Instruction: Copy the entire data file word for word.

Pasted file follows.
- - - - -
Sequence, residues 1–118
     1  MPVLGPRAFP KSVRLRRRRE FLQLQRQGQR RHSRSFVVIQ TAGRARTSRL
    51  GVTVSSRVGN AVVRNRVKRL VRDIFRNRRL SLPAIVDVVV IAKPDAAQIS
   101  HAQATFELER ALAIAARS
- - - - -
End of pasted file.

Sequence, residues 1–118
     1  MPVLGPRAFP KSVRLRRRRE FLQLQRQGQR RHSRSFVVIQ TAGRARTSRL
    51  GVTVSSRVGN AVVRNRVKRL VRDIFRNRRL SLPAIVDVVV IAKPDAAQIS
   101  HAQATFELER ALAIAARS